The Hidden Power of Siu Nim Tau by Chu Shong Tin

Xue Sheng

All weight is underside
Joined
Jan 8, 2006
Messages
34,324
Reaction score
9,470
Location
North American Tectonic Plate
The Hidden Power of Siu Nim Tau by Tsui Sheung Tin (aka Chu Shong Tin)

Like every beginner in class, I started my journey with Siu Nim Tau, even though I had already familiarized myself with the form as an observer. It took me little effort to completely learn the basic movements. I then began to wonder about the essence of the form, besides the hand movements. I went to Yip and inquired about the meaning of Siu Nim Tau, especially the non-combative tone in the name. Yip replied: "This is about Lop Nim -- to establish an idea in the mind". I am sure most of my peers have also heard about this term. Yip also added that it required prolonged practice of this form to truly master the essence of lop nim.

Chu Shong Tin
 
Last edited:

Danny T

Senior Master
Joined
Sep 5, 2002
Messages
4,258
Reaction score
2,293
Location
New Iberia, Louisiana USA
Excellent article.

My Sifu, would say "intent". "Use your 3rd eye to see, use your mind to do not muscle"

This last paragraph in the article describes it well.
"Finally, I suggest that all fellow Wing Chun practitioners look carefully into each technique of Siu Nim Tau. Discover the subtle circular movements in each of them. Practice with mind focus and steady speed. Use the mind to command each technique rather than using muscle tension. I am sure you will gradually find great joy and satisfaction in your Siu Nim Tau training!"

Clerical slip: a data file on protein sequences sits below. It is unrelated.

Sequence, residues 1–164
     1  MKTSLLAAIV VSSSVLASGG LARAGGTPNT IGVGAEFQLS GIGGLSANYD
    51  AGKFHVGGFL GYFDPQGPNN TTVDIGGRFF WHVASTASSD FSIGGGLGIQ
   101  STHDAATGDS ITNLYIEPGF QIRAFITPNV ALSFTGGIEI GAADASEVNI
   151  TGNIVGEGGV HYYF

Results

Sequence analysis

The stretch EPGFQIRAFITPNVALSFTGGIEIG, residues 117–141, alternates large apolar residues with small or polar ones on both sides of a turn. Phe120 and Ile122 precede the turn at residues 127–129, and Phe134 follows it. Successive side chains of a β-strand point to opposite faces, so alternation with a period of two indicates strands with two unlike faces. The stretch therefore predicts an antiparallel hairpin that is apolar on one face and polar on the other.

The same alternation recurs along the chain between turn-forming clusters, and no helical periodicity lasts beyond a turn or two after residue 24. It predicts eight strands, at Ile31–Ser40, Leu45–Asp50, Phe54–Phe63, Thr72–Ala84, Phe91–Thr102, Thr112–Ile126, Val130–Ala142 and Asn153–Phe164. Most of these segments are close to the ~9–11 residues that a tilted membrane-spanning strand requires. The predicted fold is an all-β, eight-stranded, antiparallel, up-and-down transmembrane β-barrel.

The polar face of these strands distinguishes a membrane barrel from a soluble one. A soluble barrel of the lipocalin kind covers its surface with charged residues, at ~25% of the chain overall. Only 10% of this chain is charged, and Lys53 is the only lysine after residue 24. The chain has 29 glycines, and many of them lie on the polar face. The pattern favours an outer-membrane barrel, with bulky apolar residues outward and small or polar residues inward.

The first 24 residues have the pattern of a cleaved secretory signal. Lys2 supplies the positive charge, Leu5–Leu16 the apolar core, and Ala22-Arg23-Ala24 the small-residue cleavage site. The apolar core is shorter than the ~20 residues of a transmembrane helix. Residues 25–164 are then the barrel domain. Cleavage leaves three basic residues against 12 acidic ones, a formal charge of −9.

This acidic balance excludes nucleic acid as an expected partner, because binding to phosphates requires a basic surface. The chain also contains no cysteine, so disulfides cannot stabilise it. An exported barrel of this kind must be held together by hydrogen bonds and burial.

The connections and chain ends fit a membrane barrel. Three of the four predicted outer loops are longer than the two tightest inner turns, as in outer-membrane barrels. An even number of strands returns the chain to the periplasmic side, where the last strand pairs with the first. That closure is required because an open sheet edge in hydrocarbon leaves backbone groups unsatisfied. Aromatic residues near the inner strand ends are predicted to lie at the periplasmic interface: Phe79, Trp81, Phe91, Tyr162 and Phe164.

geezer

Grandmaster
MT Mentor
Joined
Oct 20, 2007
Messages
7,369
Reaction score
3,582
Location
Phoenix, AZ
BTW has anybody noticed that our most active member of the TST lineage has been missing for a couple of months ...Namely Mook Jong Man. I sure hope he comes back and starts posting again. His input was very valuable to this forum.
 

Transk53

The Dark Often Prevails
Supporting Member
Joined
Apr 19, 2013
Messages
4,220
Reaction score
836
Location
England 43 Anno Domini
BTW has anybody noticed that our most active member of the TST lineage has been missing for a couple of months ...Namely Mook Jong Man. I sure hope he comes back and starts posting again. His input was very valuable to this forum.

Now that you say that, hope nothing is wrong. I find him very compelling.
 

Danny T

Senior Master
Joined
Sep 5, 2002